Then it happened. My mind let go of the fear and I was slapping that bike between the cones like a skier bouncing between moguls. This was the most fun I've ever had with my rain pants on. It was like flying. I was struck with the epiphany that this is why I was in a class so rudimentary. There was some very basic stuff I hadn't taught myself. I have to say this joy was followed closely by watching new riders slaloming around the range like they owned it-though they had never touched a motorcycle before that day.
Did I mention the rain? I was soaked all the way through my raingear. My buddy's leather jacket was soaked and everyone in the class was in the same boat, including the instructors. When the blessing of the lunch hour came, we leapt into my car and turned the heater up full blast. I had to keep my window open so the humidity from our clothing wouldn't fog up the windshield. We got our food to go so we could sit in the car and pull off our soaked boots and wiggle our bare toes under the heater's blast. We had to wring out our socks before putting them back on. Yes, this is considered "fun."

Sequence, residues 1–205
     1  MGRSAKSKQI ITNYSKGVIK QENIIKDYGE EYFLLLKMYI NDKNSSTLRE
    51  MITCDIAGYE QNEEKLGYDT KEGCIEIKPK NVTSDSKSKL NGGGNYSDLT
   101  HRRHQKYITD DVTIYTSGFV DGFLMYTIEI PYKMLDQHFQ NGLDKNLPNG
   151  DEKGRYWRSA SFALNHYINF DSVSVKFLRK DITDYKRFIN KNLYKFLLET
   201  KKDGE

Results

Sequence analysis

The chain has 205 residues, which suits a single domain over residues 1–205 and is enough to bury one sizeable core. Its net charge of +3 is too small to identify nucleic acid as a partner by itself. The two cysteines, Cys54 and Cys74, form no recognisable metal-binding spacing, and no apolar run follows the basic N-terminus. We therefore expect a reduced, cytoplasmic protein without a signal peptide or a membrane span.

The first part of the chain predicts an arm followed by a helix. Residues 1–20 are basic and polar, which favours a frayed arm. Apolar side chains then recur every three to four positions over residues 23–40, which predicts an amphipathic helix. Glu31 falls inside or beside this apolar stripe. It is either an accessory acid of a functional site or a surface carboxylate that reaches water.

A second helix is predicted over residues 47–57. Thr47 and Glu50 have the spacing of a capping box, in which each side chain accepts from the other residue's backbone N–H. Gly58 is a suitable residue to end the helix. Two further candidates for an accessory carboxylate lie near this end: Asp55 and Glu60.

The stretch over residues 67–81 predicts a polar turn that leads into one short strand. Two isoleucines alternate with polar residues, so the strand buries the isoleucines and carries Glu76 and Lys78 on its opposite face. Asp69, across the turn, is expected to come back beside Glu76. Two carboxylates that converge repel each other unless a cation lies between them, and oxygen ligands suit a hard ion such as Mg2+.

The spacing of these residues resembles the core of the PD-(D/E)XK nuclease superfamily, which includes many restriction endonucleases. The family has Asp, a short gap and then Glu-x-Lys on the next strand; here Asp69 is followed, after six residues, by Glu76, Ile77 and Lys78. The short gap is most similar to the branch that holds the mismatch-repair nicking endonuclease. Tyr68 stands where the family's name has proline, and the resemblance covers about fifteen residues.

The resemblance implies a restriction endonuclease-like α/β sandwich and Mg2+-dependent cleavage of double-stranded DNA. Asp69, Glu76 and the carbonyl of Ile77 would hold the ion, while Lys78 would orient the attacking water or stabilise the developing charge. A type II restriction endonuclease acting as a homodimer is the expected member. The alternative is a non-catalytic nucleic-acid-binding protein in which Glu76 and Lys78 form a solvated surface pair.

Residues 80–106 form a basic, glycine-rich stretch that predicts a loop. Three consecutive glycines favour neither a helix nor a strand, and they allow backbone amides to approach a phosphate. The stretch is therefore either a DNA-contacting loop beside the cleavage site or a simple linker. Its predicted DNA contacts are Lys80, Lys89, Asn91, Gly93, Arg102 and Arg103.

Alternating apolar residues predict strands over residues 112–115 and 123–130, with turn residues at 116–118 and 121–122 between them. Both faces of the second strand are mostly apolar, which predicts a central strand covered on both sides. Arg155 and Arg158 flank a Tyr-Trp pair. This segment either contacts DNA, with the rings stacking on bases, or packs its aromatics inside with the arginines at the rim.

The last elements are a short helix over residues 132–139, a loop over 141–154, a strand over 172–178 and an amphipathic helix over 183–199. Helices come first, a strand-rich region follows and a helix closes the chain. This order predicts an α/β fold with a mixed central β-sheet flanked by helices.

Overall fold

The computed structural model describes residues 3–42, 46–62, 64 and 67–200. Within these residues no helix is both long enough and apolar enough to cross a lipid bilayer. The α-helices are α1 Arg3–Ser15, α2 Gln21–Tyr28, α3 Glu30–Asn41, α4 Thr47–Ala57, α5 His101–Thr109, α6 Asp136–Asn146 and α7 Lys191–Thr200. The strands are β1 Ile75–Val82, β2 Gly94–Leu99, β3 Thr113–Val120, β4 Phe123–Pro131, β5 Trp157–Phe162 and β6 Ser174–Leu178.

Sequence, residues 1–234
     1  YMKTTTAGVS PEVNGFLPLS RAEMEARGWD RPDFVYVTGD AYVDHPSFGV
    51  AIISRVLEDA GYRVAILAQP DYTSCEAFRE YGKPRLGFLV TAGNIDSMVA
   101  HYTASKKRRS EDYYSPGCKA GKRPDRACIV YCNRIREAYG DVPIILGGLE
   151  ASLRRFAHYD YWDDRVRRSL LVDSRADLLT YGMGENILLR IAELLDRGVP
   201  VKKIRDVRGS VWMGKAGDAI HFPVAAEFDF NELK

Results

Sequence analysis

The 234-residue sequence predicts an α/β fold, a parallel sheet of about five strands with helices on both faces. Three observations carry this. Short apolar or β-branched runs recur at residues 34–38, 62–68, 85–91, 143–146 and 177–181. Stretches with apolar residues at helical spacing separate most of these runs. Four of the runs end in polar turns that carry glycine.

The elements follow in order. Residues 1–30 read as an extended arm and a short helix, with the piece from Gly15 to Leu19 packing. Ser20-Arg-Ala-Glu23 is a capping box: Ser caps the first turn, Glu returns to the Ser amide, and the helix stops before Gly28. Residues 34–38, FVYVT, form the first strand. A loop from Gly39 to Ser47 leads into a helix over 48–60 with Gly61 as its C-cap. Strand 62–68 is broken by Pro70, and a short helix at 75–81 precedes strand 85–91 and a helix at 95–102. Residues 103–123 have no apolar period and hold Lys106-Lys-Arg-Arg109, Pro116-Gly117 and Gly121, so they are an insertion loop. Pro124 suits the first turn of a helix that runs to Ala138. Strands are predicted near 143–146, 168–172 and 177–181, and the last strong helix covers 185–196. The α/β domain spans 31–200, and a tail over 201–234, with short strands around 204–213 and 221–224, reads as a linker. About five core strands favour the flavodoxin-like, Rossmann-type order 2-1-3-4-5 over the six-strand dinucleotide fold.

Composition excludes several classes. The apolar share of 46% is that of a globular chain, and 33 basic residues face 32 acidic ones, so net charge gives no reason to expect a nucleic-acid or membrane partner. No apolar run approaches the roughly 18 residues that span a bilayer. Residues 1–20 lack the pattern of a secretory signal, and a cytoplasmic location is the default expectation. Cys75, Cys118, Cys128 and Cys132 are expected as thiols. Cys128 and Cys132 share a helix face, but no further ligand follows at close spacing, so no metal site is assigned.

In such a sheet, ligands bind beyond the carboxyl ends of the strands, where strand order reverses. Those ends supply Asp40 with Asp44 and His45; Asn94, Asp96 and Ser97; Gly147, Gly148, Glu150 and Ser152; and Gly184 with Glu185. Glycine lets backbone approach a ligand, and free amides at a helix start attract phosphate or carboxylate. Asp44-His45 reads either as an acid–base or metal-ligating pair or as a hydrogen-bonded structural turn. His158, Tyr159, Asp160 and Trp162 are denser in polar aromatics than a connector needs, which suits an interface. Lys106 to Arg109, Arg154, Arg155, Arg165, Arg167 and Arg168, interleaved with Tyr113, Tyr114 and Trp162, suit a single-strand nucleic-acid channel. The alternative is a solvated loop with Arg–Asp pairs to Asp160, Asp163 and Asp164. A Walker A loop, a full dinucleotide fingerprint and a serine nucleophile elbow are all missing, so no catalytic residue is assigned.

What happens after being chilled to the bone and then warming up-especially after lunch? That's right, you get sleepy. Just in time for a couple hours of classroom instruction. I literally nodded off a couple of times during the PowerPoint presentation. We even dared to drink AM PM coffee, which has cathartic abilities immortalized in songs sung before the white man came to this valley. Nothing keeps you awake like an intestinal tract coming to life. But, we still dozed. This had nothing to do with the quality of the material.